Catalase is a biocatalyst used to break down toxic hydrogen peroxide into water and oxygen in industries such as cheese and textiles. Improving the efficiency of catalase would help us to make some industrial products, such as cheese, less expensively. The best way to maintain catalase’s conformation, and thus enhance its activity, is to immobilize it. The primary goal of this study was to find a new way of immobilizing catalase.

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Assessing CDK5 as a Nanomotor for Chemotactic Drug Delivery

Jiang et al. | Sep 08, 2022

Assessing CDK5 as a Nanomotor for Chemotactic Drug Delivery

Enzyme chemotaxis is a thermodynamic phenomenon in which enzymes move along a substrate concentration gradient towards regions with higher substrate concentrations and can be used to steer nanovehicles towards targets along natural substrate concentrations. In patients with Alzheimer’s disease, a gradient of tau protein forms in the bloodstream. Tau protein is a substrate of the enzyme CDK5, which catalyzes the phosphorylation of tau protein and can travel using chemotaxis along tau protein gradients to increasing concentrations of tau and amyloid-beta proteins. The authors hypothesized that CDK5 would be able to overcome these barriers of Brownian motion and developed a quantitative model using Michaelis-Menten kinetics to define the necessary parameters to confirm and characterize CDK5’s chemotactic behavior to establish its utility in drug delivery and other applications.

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Homology modeling of clinically-relevant rilpivirine-resistant HIV-RT variants identifies novel rilpivirine analogs with retained binding affinity against NNRTI-resistant HIV mutations

Luk et al. | Jan 24, 2022

Homology modeling of clinically-relevant rilpivirine-resistant HIV-RT variants identifies novel rilpivirine analogs with retained binding affinity against NNRTI-resistant HIV mutations

Human immunodeficiency virus (HIV), which affects tens of millions of individuals worldwide, can lead to acquired immunodeficiency syndrome (AIDS). While there is currently no cure for HIV, the development of small molecule antiretroviral agents has greatly improved the prognosis of infected individuals, especially in developed countries. Here, the authors employ homology modeling and molecular docking towards the identification of novel rilpivirine analogs that retain high binding affinity to clinically relevant rilpivirine-resistant mutations of the HIV reverse transcriptase enzyme.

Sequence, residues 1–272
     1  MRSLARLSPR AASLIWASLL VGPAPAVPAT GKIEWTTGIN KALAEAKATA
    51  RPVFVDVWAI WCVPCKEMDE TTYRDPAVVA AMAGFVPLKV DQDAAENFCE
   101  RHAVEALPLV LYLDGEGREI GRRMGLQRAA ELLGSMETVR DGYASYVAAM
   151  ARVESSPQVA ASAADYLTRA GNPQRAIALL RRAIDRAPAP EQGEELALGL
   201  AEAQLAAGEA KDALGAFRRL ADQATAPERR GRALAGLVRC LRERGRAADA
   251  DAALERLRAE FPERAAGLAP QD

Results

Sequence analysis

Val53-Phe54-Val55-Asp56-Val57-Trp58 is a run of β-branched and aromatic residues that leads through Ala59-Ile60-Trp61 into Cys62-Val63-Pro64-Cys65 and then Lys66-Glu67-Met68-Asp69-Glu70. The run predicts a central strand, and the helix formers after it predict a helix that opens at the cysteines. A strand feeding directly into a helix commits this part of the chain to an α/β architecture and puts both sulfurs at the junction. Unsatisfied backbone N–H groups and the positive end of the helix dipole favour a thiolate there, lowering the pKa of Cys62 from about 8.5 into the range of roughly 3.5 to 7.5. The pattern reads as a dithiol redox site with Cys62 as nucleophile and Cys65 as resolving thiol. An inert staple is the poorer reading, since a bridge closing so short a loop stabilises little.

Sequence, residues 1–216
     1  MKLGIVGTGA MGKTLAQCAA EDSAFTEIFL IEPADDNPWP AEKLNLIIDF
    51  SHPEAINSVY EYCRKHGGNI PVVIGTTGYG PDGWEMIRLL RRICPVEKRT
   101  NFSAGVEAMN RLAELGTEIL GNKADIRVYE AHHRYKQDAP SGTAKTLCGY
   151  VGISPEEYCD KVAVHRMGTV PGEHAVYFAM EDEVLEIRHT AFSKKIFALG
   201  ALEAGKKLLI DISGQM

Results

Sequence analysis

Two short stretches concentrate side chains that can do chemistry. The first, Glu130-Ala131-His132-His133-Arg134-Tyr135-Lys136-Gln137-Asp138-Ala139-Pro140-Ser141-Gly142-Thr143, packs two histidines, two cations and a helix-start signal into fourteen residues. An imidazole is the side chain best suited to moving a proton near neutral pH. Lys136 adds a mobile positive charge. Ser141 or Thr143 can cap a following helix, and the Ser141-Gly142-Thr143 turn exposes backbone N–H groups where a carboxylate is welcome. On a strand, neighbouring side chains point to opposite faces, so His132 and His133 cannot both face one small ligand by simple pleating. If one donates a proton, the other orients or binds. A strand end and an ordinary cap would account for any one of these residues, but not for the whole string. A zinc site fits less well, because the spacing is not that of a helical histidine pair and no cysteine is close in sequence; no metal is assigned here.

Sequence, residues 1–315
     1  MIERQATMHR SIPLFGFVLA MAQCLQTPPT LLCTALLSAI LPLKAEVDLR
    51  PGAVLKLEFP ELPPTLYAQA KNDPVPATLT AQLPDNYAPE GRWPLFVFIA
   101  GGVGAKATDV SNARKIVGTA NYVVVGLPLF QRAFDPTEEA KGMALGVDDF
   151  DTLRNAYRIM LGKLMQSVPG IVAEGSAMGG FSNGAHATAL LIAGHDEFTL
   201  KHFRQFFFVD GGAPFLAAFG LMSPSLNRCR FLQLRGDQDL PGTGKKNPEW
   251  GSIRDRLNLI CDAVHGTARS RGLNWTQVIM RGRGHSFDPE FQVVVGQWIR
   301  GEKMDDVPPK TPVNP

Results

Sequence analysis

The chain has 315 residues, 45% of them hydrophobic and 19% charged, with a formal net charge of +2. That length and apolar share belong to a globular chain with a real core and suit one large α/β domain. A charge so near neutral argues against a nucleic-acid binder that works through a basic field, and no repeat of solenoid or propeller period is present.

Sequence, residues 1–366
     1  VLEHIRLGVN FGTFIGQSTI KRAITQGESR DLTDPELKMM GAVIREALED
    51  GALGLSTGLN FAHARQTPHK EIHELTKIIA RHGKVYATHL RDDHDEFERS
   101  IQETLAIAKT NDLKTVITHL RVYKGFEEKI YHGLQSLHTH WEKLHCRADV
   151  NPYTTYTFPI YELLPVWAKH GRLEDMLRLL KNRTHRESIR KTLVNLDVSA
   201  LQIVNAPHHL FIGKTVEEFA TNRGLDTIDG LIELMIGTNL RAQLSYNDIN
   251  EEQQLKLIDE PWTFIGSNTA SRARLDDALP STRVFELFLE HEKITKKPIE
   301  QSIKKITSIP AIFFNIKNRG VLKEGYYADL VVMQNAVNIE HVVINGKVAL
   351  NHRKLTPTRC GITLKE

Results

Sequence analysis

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Mutation of the Catalytic Cysteine in Anopheles gambiae Transglutaminase 3 (AgTG3) Abolishes Plugin Crosslinking Activity without Disrupting Protein Folding Properties

Pham et al. | May 02, 2014

Mutation of the Catalytic Cysteine in <em>Anopheles gambiae</em> Transglutaminase 3 (AgTG3) Abolishes Plugin Crosslinking Activity without Disrupting Protein Folding Properties

Malaria is a major public health issue, especially in developing countries, and vector control is a major facet of malaria eradication efforts. Recently, sterile insect technique (SIT), or the release of sterile mosquitoes into the wild, has shown significant promise as a method of keeping vector populations under control. In this study, the authors investigate the Anopheles gambiae transglutaminase 3 protein (AgT3), which is essential to the mating of the Anopheles mosquito. They show that an active site mutation is able to abolish the activity of the AgT3 enzyme and propose it as a potential target for chemosterilant inhibitors.